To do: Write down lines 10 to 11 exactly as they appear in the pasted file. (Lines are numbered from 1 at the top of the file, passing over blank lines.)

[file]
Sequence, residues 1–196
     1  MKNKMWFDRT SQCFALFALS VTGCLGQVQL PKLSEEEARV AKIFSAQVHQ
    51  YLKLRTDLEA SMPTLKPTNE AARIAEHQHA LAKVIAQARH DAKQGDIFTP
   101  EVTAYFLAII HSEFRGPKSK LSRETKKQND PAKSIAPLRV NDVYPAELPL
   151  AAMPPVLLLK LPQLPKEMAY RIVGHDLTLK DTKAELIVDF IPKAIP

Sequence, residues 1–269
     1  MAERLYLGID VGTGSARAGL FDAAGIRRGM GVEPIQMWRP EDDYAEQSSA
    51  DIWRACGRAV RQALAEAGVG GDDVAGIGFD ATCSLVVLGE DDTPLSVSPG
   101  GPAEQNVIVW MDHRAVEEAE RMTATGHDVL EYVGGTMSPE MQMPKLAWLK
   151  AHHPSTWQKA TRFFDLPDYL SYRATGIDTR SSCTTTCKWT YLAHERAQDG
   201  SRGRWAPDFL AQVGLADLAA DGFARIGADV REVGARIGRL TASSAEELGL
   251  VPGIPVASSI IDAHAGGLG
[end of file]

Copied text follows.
   151  AHHPSTWQKA TRFFDLPDYL SYRATGIDTR SSCTTTCKWT YLAHERAQDG
   201  SRGRWAPDFL AQVGLADLAA DGFARIGADV REVGARIGRL TASSAEELGL